Today marks Ozow’s 8th birthday and to commemorate the occasion we thought we’d take a look back at our journey thus far, while casting an eye to the horizon to take a look into the future of our business.
From the day our founders first met, their mission has always been to close the digital divide by providing the underbanked with products and services that create greater access to the digital economy. This purpose is the reason Ozow exists, and it is the driving force behind the products we create and release.
That being said, we weren’t always called Ozow. Up until 2014 we were i-Pay, until our desire to expand into Africa, and the need for a unique name to go along with it, led to a rebrand of our business. Over the last eight years many have wondered where the name Ozow came from and what it means, and to be honest, we like the mystery. So, all we’ll say is that our payment solutions are Ozow-easy, Ozow-fast and Ozow-trusted by millions of South Africans.
Getting to the point where we are servicing millions of consumers and merchants and watching our new users grow at a rate of 150 000 people per month hasn’t been easy. Like all great success stories, our founders faced their own set of challenges along the way, Ozow Co-founder Lyle Eckstein remembers this.
Lyle: “I got to the point where my back was against the wall and I had these debts that were piling up. I was going to the super market and having to run to the ATM to try and draw cash from multiple accounts to pay for groceries…”
Ozow CEO and Co-founder Thomas Pays gave us some more insight into what helped them get through these trying times.
Thomas: “We constantly reminded ourselves that for every time we didn’t give up, someone else did, and that took us one step closer to becoming the market leader…”
That desire to never give up has led to us passing some major business milestones over the years. On March 5th 2020 we broke a considerable barrier, officially processing over R10bn in transactions. And we continued that trajectory in November of the same year when we processed R1bn worth of transactions in one month, passing the billion Rand mark on Black Friday with the single biggest transaction that day being R500k.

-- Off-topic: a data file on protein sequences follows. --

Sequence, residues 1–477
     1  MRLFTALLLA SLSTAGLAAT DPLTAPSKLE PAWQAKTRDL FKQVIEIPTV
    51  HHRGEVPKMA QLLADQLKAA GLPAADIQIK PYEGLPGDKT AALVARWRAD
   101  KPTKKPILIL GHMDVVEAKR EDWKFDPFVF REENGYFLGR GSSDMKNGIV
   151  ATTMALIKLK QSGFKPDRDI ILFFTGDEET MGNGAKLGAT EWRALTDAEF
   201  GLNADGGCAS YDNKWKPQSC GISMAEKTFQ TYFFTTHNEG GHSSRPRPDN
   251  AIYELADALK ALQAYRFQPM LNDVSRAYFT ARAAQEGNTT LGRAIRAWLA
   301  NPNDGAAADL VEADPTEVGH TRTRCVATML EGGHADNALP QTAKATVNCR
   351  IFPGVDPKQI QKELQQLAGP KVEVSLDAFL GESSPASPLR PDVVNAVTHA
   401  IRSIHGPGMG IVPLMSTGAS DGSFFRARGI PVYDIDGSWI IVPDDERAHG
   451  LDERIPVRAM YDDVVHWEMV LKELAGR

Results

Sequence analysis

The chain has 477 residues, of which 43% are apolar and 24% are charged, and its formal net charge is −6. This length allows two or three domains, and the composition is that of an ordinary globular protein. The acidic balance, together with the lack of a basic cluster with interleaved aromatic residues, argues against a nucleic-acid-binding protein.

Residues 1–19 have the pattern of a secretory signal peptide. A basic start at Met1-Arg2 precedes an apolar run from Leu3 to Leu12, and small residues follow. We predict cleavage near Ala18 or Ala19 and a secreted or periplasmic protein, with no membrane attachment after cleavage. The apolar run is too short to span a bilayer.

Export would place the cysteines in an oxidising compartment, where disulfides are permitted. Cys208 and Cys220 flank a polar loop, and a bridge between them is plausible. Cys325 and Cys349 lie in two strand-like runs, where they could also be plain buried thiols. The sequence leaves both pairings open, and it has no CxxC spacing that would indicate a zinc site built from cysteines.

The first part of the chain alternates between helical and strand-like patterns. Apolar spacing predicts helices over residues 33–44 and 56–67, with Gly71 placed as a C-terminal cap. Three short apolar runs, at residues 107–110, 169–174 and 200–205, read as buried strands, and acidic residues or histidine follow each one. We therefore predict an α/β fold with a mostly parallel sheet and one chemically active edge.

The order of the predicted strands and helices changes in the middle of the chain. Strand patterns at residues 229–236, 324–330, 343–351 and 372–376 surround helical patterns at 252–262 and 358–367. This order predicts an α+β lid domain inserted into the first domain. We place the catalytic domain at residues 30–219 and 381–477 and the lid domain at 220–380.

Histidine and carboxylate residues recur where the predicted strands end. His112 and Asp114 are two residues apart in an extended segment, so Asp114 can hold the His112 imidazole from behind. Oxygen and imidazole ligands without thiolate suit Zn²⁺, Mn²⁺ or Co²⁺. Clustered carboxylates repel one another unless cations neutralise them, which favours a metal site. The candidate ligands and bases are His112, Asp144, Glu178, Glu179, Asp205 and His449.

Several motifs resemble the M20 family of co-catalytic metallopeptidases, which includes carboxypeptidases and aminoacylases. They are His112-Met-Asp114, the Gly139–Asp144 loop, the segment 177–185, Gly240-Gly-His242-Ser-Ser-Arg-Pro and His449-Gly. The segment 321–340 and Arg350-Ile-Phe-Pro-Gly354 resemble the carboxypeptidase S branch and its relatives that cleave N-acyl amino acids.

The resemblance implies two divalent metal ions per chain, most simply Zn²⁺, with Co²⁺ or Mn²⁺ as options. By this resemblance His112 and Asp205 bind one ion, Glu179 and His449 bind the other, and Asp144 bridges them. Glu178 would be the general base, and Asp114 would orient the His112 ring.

Then, coming off that year of exponential growth, we closed our Series B funding round in November 2021, receiving $48m in an investment round led by Tencent. An investment that has been used to power our future, helping us to grow our team and further expand and enhance our product offerings.
Today Ozow offers merchants the ability to get paid via eCommerce, QR codes, Smart SMS and Pay Now buttons on invoices. We’ve also answered the consumer demand for faster returns with our Refunds product and the ever-growing need for seamless customer withdrawals with Ozow Payouts.
But our goal is not only to service businesses, we want to help grow them too. That’s why start-ups, youth-run businesses and small, medium and micro enterprises that process under R1 million per month in transactions do so free of charge for the first 12 months.
CEO Thomas Pays says "By zero-rating the costs of accepting this form of payment, we are presenting more entrepreneurs the option of establishing their own businesses, which means more opportunity for financial autonomy, job creation, a competitive retail environment, consumer choice and an entrepreneurial, diverse economy.”
On the consumer front we have launched our peer-to-peer payments app Ozow ME which will empower South Africa’s 48 million bank account holders to send and receive money from bank to bank, at no additional cost, while using no data.
When asked to comment on Ozow’s success CEO Thomas Pays says “It’s simple: we’ve built a brand that people trust. One that’s credible, that has an authority, but more importantly one that does not let people down. When you use Ozow, it always works.”
Ozow is now in a hyper-scaling phase and our founder’s sights are set firmly on the future. When asked for comment on where to next, Lyle Eckstein said: “In our travels to various African countries we’ve realised that people there face similar issues to people here at home. There’s a huge need for people to be able to transact online, and we have the ability to help. That’s why we’ve earmarked expansion into Africa as our top priority going forward.”
Thomas Pays expanded on this: “We have the opportunity to do something that has never been done before: create one API that connects fifty-plus countries, creating an alternative rail to the card rail, enabling open banking across Africa - and hopefully one day the world.”